A survey cited by “The Wall Street Journal” says that a person who surfs the book store actually spends more time looking at the front book cover before he reads the back cover. Yes, you got it right. You should carefully think about how to design your book cover using recommended design techniques to attract buyers.
Here are some noteworthy book cover creation tips you can use.
1. The Front Cover
The front book cover showcases the title, its subtitle, and the author’s name. Think of the front cover as a billboard ad displayed on one of the busiest streets in the city. Its design must express a solid message without being too flashy and fussy. The graphics should be bold, unique, and distinct. Graphics should relate to the book’s content and not mislead readers. Use contrasting bold typeface as the lettering. You can use your imagination for the color scheme. The font size must be readable, even from a distance.
Poorly designed book covers will result in poor sales. The best tip is to hire a professional graphic designer who is skilled in printing, photography, software, and creative skills. Now that will truly make sense.
2. The Book Spine
The book’s spine must contain the author’s name, the book’s title, and the publishing company’s logo (if applicable). The information must be legible, uncluttered, and visibly clean. Use bold and contrasting colors for the letters.
3. Tease the Back Cover
The back cover gives you a second chance at selling your book to a potential buyer who found your front cover interesting. The back cover should tease the minds of potential buyers and persuade them to buy your book. Go for a terrific headline and advertise it to your target market, provide a brief but persuasive background of the content, include your bio-data and photo, the bar code, and the 13-digit ISBN number.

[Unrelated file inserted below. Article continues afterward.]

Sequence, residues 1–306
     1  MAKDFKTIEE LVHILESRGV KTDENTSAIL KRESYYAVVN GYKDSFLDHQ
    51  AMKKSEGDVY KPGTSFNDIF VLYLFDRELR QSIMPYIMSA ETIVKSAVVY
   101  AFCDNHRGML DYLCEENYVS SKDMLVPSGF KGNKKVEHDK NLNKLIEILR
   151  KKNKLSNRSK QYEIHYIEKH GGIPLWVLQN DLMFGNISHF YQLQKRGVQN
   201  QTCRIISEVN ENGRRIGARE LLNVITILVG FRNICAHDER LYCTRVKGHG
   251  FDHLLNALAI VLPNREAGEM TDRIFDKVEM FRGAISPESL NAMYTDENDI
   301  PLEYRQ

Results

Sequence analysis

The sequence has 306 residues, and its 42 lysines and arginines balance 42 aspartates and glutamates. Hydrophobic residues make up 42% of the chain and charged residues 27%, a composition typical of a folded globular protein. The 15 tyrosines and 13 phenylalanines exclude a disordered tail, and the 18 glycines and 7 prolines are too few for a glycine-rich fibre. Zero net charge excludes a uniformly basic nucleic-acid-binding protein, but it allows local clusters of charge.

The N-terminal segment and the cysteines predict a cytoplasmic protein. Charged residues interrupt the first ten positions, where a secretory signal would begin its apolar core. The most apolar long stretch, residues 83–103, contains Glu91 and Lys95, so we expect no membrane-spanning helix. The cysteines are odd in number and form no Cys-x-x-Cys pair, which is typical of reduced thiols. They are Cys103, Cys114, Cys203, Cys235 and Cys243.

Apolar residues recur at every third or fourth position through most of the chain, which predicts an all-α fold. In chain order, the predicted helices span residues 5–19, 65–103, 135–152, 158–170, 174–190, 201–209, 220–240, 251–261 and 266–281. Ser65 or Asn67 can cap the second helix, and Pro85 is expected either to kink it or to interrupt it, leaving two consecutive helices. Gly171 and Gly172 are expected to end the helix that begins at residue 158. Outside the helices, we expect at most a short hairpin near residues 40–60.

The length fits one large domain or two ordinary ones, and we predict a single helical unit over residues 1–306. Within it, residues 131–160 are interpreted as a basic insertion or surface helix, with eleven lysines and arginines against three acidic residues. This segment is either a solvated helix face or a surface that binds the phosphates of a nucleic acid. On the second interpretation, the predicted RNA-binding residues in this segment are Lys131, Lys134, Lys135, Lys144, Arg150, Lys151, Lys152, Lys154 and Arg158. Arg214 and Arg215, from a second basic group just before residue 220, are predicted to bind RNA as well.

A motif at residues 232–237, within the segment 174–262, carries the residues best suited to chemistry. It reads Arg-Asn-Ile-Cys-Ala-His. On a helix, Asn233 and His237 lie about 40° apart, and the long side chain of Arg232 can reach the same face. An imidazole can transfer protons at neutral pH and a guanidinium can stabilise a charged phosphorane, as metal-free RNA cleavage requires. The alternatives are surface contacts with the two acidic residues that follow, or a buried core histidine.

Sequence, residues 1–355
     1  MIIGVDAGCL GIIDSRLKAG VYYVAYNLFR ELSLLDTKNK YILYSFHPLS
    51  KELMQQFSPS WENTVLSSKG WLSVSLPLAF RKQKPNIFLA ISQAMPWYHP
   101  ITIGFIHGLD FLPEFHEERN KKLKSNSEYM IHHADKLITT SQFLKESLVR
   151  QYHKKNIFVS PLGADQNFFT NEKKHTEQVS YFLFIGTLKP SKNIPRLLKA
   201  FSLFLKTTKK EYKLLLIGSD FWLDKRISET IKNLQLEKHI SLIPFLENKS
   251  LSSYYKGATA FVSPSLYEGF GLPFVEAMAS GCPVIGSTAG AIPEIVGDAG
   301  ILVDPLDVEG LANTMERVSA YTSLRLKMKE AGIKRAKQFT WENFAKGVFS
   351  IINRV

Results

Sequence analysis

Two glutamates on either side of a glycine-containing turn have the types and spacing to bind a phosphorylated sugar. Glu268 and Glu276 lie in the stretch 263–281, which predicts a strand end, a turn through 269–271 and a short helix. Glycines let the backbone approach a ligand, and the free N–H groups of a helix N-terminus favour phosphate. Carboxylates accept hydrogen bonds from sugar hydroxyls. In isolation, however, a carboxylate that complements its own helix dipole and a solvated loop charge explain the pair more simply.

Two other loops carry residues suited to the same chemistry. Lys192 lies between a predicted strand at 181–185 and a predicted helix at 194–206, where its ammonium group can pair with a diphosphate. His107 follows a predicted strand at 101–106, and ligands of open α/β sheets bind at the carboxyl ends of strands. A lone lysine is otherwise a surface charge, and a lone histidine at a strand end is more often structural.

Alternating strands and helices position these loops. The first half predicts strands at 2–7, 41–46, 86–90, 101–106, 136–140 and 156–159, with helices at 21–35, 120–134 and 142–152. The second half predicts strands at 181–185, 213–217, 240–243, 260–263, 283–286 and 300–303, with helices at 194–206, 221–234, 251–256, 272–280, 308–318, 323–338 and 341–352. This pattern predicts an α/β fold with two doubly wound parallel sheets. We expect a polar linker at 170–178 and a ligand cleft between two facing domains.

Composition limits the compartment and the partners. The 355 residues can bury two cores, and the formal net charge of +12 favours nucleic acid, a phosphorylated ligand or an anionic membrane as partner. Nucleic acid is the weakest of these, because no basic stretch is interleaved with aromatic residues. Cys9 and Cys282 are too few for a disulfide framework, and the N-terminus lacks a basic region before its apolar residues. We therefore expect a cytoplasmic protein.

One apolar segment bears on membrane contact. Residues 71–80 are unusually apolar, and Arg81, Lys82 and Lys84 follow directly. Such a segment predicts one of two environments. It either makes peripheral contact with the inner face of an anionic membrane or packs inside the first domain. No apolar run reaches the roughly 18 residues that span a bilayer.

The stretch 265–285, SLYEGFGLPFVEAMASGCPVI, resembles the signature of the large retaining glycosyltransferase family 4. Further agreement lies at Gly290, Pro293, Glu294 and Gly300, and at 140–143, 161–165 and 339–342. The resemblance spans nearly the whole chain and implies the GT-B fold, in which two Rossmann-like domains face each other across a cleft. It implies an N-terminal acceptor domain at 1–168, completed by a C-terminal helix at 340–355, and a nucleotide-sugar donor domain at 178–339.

Whether you are writing fiction or non-fiction, you must choose the best title for your book.
4. Keep Your Book Title Short
Favor short titles instead of long titles. Short titles make a great impact. Statistics show that more readers remember a short book title instead of a long book title. Book titles don’t have to form a complete sentence. Phrases, terms, fragments, or even just one word might make the perfect book title if it can fully encompass the main idea of your work.
5. Keep It Descriptive
The title of your book must mirror the idea of your book. One simple but effective example is the first book of C.S. Lewis’ popular Chronicles of Narnia Series, the Lion, the Witch, and the Wardrobe. With those words, you know immediately which important figures encompass the story.
You don’t have to be literal all the time. Abstract ideas and allusions work as long as you can catch readers’ attention and exhibit an underlying significance in hindsight. One good example is Tennessee Williams’ play, The Glass Menagerie.
6. Speak the Language of Your Readers
Your story’s success relies on how much your readers can relate to and appreciate your book. Although this doesn’t mean you have to write about situations that your readers have experienced, it does mean writing in a way that helps readers grasp your meaning. Apply the same reasoning as you develop a title for your book.
Using buzzwords are okay if you believe they’re appropriate. Consider the long-term consequences of your choice. A popular term today may be obsolete in the next decade.
7. Make It Unforgettable
This is where various factors like alliteration, rhyming, choice of verbs, and even choice of language all come into play. You don’t need to use complicated words; one glance at “Rich Dad, Poor Dad” proves that rather well.
If you need help creating unforgettable book titles, focus on your book’s content. What ideas in your book seemed preposterous at the start, but you defended and proved your point in the end? Can you sum them up in a few words?
Ponder these important book cover creation tips and be ready to hit the market with the potential of great sales.
About the Author
Brian Scott owned the website, Book Proposal Writing, which is no longer active.